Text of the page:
The Dermatology clinic at Broadgreen Hospital is the local centre for skin cancer diagnosis and treatment in Liverpool. If you come for an appointment you can expect:
It’s really important that skin cancer is diagnosed quickly. You’ll get an appointment within two weeks at our Rapid Lesion Clinic if your GP suspects squamous cell carcinoma (SCC) or malignant melanoma (MM).
Specialists from different medical areas meet weekly. This is called a multi-disciplinary team meeting (MDT)
and is central to the way we work. The MDT advise, support and create treatment plans that are personalised for every patient. MDT members include dermatologists, specialist nurses, plastic surgeons, pathologists, clinical oncologist and ear nose and throat surgeon (ENT).
Patient information and counselling
We’re there to support you throughout your treatment journey. You’ll be given a key worker
(usually a specialist nurse) and a contact telephone number for any questions you may have.
Reducing clinic visits
Improving the patient experience is one of our key aims. We’re trying to reduce repeat visits by performing surgery on the day if the cancer is operable and the circumstances are correct. We also offer follow-up clinics by telephone.
Complex surgery, locally
We now perform advanced skin cancer surgery at the Royal Liverpol University Hospital - this gives the patient the opportunity to have the procedure performed in this hospital rather than travelling to another.
Skin Cancer diagnosis
We have a large, experienced team of experts who can identify skin cancer quickly and efficiently.
Rapid skin cancer diagnosis
It’s really important that skin cancer is diagnosed early to stop it spreading. You will be referred to the hospital if your GP spots something that needs investigation. Our consultant skin specialists (dermatologists) will see you within two weeks at the rapid lesion clinic. This is based at Broadgreen Hospital.
The dermatologist will examine your skin. It’s possible that the cancer can be spotted at this examination. Often the specialist will use a magnifying glass or hand held dermatoscope to look more closely at the lesion.
The doctor removes part or all of the lesion and sends it to the laboratory. It is analysed under a microscope by a pathologist. This is the only way to 100% identify skin cancer cells. It takes one to two weeks for the results of urgent skin cancer biopsies at the hospital which means our patients get a quick and accurate diagnosis.
Sometimes we need to do further tests to see if the cancer has spread. The doctor will probably feel the lymph glands close to the cancer to see if any of them are enlarged.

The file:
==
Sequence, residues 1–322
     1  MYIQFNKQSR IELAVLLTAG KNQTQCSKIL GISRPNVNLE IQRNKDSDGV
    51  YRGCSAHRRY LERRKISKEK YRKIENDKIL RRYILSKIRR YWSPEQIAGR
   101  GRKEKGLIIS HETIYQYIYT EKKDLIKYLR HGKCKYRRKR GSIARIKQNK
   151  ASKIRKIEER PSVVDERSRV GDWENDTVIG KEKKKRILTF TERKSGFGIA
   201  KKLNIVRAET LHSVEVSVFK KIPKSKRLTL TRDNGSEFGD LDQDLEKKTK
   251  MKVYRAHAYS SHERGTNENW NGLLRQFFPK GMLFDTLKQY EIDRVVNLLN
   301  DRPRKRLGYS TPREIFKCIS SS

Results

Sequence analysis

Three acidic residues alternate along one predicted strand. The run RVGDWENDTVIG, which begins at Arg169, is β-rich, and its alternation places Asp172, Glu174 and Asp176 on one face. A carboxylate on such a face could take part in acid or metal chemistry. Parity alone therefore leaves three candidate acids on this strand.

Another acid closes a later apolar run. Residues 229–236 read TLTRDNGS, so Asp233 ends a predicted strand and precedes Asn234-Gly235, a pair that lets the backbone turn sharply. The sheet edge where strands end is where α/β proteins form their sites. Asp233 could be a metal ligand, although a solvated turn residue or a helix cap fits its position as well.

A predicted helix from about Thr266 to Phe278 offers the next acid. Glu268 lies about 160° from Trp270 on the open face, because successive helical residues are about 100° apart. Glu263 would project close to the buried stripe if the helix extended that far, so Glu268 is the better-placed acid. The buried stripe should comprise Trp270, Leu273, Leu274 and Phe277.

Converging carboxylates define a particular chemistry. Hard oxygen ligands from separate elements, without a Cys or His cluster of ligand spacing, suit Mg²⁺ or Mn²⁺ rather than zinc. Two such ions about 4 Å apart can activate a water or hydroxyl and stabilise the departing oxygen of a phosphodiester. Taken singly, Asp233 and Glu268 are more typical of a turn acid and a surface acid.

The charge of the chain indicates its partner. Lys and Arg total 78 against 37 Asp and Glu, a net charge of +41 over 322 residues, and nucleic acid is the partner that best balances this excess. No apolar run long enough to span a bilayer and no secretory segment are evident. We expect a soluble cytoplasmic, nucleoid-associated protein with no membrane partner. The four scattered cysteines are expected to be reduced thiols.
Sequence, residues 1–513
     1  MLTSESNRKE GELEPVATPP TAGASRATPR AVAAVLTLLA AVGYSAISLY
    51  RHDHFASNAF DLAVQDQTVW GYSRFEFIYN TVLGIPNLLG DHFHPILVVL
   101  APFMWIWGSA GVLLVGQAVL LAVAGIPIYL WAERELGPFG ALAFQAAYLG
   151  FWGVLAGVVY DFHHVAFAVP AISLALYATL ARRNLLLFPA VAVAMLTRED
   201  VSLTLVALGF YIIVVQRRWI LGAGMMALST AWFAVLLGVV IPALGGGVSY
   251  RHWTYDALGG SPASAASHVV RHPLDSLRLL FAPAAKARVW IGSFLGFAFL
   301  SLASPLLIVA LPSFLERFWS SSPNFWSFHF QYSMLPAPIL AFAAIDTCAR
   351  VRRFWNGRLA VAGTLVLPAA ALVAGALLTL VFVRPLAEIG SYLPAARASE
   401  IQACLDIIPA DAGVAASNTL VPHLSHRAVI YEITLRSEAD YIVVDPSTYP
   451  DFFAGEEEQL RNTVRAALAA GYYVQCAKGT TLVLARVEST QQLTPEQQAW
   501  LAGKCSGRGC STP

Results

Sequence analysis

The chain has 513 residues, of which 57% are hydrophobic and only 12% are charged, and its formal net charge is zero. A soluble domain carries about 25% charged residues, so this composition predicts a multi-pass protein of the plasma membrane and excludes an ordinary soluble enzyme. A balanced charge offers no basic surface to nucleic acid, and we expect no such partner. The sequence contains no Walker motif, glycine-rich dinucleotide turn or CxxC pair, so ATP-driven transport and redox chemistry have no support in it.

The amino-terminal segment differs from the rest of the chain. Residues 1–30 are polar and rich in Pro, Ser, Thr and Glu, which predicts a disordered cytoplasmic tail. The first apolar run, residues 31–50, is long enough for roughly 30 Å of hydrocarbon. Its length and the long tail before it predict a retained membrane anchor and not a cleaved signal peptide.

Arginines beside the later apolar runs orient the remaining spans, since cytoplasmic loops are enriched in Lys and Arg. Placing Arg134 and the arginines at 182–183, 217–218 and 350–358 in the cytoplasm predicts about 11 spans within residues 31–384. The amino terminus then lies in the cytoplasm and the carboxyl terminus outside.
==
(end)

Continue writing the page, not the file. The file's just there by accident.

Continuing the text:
Skin Cancer treatment
Your test results are discussed by a multi-disciplinary team (MDT). This is a group of experts including:
- specialist nurses
- plastic surgeons
- clinical oncologist
- ear nose and throat surgeon
They decide the best treatment path if cancer is discovered. You will be consulted fully so that you play a role in whatever treatment you receive.
- Surgery: Most skin cancers are treated with surgery. It is usually a minor procedure and done under local anaesthetic. We have surgeons trained in advanced skin surgery for more complex operations.Very specialised surgery – like plastic surgery, maxillofacial surgery and oculo-plastic surgery – is given at other centres, including University Hospital Aintree and St Helens and Knowsley Hospitals.
- Radiotherapy: This uses radio waves to kill cancer cells. It is often used when the cancer is difficult to operate on. It can also be used with surgery (adjuvant treatment). Patients are referred to the Clatterbridge Cancer Centre for this treatment.
- Photodynamic therapy (PDT): PDT is mainly used to treat pre-skin cancer. It involves cream application and red light treatment to individual lesions. It can be done during the day; no overnight stay is required.
All our patients are given the chance to get involved if suitable. We currently have two skin cancer trials open to recruitment:
A study to find out if diet and lifestyle can affect the chances of melanoma coming back after treatment.
A trial looking at gemcitabine and bexarotene (GemBex) for people with difficult to control T-cell lymphoma of the skin.
Patient support and further help coping with cancer.
In-depth information about diagnosis, treatments, possible side effects and how to get further support.